Feature |

2017 Token Sales in Review: Part I

It is passe to say 2017 was a wild year for token sales / ICOs. Over 500 projects raised $6.5 billion during a time when overall crypto markets grew in size, awareness, and depth.

It is unoriginal to say 2017 was a wild year for ICOs. However, it is largely unconventional to say ICOs were a significant and mostly positive trend in the development of the blockchain and cryptocurrency sectors. It is rather tedious to read yet another mainstream press article mocking ICOs and their participants, all too often sandwiched between articles on the further declines of ‘IPO of the year’ SNAP Inc., and another multimillion dollar fine paid by a major bank for defrauding clients or manipulating markets, with no hint of irony or editorial self-awareness. Undoubtedly, there are most certainly extreme events that exhibit the worst of the industry that should not be whitewashed or glossed over: scam projects, flagrant disregard of publicly distributed regulatory guidelines, misrepresentations of technology and projects and companies, and wild speculation with no deep understanding of the underlying technology. Nonetheless, this wasn’t the whole story of token sales, and beneath this surface that many delight in pointing out, an enormous amount of significant activity marked 2017, much of it promising meaningful long-term impacts. In many ways, the “ICO Industry” is a lens through which to understand broader developments in the blockchain and crypto-asset industry, and data from 2017 offers plenty of insight.

Given the range of token sale activity during 2017, and the variety of trends that both contributed to and emerged from the token sale space and the broader blockchain and cryptocurrency communities, we will be presenting our ‘2017 in Review’ thoughts and commentary in several pieces.

Below is a simple overview of the growth of the industry, with a few links to some previously published pieces that help illustrate some of these ideas. It concludes with a brief consideration of how those numbers fell into the different sectors that shape the overall blockchain industry.

Token sale activity grew remarkably throughout 2017, leading to a total of 525 sales that completed sales raising more than $25,000. In total, these sales raised over $6.5 billion. This was a marked increase relative to token sale history, which began with Mastercoin’s ICO that raised under $1 million. 2017’s average raised of $13 million and median raise amount of $5.0 million suggests the numbers for overall raise figures are heavily skewed by a small number of large raises, a trend that persisted throughout the year. Nevertheless, given that 2016’s token sales raised a collective $100 million–an amount surpassed by 15 individual sales in 2017–the scale of growth is rather clear.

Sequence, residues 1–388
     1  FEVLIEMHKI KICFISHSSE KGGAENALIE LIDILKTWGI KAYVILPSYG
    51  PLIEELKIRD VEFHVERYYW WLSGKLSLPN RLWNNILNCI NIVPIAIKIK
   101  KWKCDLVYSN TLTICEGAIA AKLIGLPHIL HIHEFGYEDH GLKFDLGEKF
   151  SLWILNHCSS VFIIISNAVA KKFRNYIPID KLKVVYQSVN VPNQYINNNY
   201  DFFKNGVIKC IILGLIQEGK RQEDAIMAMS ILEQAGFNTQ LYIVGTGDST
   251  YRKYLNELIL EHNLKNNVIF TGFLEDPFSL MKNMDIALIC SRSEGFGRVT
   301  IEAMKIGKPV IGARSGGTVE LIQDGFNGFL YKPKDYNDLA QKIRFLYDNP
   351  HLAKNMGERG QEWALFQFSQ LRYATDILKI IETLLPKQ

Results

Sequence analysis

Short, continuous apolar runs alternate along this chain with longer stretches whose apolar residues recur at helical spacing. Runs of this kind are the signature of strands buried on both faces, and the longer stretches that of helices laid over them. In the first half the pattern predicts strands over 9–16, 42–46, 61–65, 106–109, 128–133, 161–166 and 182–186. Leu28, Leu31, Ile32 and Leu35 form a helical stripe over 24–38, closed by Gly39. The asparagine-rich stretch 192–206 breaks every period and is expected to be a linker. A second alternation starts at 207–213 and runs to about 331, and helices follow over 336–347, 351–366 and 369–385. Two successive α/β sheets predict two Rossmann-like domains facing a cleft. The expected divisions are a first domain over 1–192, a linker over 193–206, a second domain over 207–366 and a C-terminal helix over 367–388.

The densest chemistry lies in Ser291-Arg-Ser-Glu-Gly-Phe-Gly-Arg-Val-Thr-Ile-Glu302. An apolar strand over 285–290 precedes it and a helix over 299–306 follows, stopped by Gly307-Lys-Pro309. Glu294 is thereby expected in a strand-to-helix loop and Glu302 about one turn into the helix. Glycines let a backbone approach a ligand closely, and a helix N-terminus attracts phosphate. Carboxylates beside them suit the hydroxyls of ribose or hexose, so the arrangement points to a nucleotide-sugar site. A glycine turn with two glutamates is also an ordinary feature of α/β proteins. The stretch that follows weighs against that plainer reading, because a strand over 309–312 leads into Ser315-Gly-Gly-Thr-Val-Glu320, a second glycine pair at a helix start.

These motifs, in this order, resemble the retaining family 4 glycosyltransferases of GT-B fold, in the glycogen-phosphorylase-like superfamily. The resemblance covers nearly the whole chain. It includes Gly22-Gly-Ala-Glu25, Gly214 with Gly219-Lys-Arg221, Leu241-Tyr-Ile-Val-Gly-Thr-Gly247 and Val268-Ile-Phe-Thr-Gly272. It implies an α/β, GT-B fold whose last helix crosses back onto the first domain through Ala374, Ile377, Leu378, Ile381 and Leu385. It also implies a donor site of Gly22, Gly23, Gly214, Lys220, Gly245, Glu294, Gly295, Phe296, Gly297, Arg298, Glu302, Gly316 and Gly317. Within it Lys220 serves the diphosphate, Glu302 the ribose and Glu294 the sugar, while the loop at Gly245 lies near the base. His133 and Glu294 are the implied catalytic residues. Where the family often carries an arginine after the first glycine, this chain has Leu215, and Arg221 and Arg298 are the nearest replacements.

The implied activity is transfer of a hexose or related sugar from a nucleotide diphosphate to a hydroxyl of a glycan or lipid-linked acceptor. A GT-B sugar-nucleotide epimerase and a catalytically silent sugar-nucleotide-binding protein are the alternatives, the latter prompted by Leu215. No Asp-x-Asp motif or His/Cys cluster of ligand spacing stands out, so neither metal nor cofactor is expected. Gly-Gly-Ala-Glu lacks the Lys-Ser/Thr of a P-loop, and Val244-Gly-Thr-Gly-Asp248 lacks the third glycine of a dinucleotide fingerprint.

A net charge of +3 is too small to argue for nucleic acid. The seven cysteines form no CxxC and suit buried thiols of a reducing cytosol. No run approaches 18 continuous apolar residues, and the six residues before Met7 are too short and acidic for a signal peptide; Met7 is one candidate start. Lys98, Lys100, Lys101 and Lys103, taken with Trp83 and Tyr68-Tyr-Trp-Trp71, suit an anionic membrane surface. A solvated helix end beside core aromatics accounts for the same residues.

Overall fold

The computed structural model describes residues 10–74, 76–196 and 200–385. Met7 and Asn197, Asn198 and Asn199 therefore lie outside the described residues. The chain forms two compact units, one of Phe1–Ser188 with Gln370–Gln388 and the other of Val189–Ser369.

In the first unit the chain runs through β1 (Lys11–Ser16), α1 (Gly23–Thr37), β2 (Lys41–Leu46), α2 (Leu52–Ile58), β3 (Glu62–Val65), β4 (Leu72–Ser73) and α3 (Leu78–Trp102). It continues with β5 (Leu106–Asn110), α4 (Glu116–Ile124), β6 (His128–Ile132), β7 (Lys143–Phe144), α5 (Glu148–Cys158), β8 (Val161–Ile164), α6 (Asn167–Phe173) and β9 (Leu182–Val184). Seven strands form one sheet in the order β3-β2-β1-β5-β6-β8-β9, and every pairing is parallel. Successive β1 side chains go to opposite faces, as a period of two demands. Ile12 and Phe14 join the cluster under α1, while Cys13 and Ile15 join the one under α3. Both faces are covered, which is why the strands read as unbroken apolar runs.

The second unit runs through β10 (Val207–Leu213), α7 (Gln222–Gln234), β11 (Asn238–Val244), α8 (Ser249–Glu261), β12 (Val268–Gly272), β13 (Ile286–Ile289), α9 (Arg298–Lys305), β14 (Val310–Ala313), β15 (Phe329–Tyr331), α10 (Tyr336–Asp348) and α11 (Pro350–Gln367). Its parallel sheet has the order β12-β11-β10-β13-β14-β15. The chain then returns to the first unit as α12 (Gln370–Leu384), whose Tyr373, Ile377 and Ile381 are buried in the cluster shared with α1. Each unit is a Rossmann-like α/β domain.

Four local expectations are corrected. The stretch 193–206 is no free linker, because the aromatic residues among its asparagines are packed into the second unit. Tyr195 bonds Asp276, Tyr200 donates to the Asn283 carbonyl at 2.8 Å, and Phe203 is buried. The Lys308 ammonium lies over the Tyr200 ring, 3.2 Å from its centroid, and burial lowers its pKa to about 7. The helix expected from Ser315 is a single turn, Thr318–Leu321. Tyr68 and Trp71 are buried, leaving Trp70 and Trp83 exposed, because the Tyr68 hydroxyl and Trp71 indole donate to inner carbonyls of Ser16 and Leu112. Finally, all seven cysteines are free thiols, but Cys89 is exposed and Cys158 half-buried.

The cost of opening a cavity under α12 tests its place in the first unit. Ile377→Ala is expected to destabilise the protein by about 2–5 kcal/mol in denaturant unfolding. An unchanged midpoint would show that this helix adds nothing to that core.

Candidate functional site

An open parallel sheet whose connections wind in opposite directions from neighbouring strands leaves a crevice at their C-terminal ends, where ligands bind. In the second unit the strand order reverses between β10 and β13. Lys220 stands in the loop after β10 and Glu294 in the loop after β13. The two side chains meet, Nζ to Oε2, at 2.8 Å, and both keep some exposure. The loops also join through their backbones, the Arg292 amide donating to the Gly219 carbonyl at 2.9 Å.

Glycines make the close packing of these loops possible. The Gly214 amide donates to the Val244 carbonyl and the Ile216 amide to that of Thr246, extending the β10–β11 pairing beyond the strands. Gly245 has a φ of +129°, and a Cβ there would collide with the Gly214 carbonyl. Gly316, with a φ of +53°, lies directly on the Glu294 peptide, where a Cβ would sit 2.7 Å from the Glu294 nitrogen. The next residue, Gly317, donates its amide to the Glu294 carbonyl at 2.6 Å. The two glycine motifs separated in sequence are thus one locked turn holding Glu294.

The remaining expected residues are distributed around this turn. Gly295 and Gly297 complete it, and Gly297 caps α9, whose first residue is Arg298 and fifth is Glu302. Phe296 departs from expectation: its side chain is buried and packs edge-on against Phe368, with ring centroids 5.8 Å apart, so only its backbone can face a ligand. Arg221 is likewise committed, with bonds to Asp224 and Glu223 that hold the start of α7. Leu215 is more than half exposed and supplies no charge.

Looking across the landscape of individual sales for 2017 also provides a powerful perspective on the range of activity throughout 2017. While a handful of the largest raises featuring in the upper half of the below chart garnered an enormous amount of media attention during 2017, a large number of other projects also raised significant capital.

The project raising funds varied remarkably in their application of blockchain technology, product or platform, and underlying business model. Smith + Crown categorizes token sale projects according to the economic sector they are trying to disrupt. Below is the same data disaggregated into different sectors.

Part II will look behind the most prominent trends to consider some more subtle themes that marked a breakout year for token sale activity.

Note on methods: Includes all sales that raised over $25,000 and did not return funds raised to sale participants. Amounts raised are valued according to average daily exchange rates on the date the sale closed. EOS’s ongoing sale is valued according to the total raised during each auction period and grouped into monthly amounts. Data taken from eosscan.io and confirmed in the smart contract. Sale rounds for the same project that are separated by more than 30 days are treated as separate sale events. Some data may be missing or subject to future revision.